That same year, the company released the final game to use the Versus engine, NBA Showdown for the Super Nintendo, with a Genesis port in 1994. This was the first EA-published game to feature all 27 NBA teams, and also allowed gamers to play full seasons. A year later in 1994, EA Sports released NBA Live ’95 for the Genesis and Super Nintendo, which was built on a brand new engine, and became EA Sports’ default basketball brand ever since.
EA Sports also broadened their offerings to appeal to gamers globally, releasing FIFA International Soccer in 1993 for all major consoles. As the first soccer game to utilize the FIFA license, soccer fans the world over finally had the chance to take to the pitch in control of their favorite players. While the FIFA franchise has chugged along with new installments every year, in 1998, EA released a stand-alone game based on FIFA’s World Cup tournament for the PlayStation and Nintendo 64 consoles. Like the yearly FIFA games, EA has released a new World Cup game to coincide with the tournament every four years. EA also began publishing games based on the European UEFA tournament, starting in 2000.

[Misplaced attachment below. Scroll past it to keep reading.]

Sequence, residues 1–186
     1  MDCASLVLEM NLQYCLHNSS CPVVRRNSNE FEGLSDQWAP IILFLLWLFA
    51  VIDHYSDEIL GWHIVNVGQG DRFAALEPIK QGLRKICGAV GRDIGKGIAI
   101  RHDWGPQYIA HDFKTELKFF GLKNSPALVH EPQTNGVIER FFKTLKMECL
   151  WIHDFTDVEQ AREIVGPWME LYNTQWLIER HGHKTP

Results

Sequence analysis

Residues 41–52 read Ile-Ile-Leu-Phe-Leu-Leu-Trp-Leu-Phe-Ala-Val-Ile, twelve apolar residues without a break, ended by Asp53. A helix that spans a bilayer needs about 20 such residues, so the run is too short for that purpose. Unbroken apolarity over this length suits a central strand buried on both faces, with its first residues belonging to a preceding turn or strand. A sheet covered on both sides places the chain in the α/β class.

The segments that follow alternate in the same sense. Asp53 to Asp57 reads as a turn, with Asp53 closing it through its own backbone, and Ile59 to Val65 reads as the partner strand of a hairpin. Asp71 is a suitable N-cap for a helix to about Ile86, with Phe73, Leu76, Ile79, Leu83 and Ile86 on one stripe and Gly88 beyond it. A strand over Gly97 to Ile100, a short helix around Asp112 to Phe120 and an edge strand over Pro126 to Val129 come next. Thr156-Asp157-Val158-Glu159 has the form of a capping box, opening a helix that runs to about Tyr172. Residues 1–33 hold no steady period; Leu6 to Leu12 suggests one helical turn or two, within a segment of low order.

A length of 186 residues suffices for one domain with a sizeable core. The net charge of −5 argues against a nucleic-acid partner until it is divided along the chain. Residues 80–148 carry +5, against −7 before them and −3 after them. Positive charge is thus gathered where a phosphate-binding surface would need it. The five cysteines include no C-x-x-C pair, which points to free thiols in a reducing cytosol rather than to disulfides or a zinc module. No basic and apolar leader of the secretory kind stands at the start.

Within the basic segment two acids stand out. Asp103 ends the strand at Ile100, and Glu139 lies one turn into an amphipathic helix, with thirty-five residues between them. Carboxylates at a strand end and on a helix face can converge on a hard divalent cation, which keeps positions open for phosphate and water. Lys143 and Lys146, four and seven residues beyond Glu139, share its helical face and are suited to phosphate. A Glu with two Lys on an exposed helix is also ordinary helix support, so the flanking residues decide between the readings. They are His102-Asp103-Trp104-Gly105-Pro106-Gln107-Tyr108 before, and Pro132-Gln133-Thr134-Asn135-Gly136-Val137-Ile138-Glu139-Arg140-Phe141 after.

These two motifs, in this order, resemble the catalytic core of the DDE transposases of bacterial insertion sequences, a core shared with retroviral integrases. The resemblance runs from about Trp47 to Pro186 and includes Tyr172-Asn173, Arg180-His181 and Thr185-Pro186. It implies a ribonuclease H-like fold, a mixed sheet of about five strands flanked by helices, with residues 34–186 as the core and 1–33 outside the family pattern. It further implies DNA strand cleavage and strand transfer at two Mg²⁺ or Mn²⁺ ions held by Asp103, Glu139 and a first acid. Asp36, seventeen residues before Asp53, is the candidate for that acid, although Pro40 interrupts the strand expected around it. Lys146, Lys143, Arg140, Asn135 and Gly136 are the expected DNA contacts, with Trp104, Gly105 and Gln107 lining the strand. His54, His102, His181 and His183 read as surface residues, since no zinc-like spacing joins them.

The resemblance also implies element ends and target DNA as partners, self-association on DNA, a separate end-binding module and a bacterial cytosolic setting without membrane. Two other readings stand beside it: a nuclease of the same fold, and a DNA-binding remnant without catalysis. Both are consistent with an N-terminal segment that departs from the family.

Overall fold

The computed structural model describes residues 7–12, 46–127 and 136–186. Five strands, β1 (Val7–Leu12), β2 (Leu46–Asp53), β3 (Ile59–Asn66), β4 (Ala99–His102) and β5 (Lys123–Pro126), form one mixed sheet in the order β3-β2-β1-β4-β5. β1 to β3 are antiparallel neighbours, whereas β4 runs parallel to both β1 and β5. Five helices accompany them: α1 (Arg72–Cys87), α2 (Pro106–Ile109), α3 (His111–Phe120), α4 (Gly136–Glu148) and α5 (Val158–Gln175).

Finding success with gamers outside of the US, EA continued creating games based on sports with international followings. In 1994, they released IMG International Tour Tennis, with Rugby World Cup and Australian Rugby League published the same year. In 1995, the company dabbled in games simulating baseball’s ancestor, releasing Cricket 96 for MS-DOS computers.
Speaking of baseball, one of the franchises that helped pave the way for EA Sports had quietly died an inglorious death. Earl Weaver Baseball, the groundbreaking baseball sim created by Don Daglow and Eddie Dombrower, was planned to be released as Baseball ’93 for the Genesis, but wound up getting axed. Ernest Adams was hired by EA in 1992 as a software engineer for the title, and explains in an exclusive e-mail interview with Machinima why gamers never heard from Coach Weaver again. According to Adams, the marketing department didn’t think Weaver had much pull as a brand name anymore, and issues with the game’s programming compounded the problem: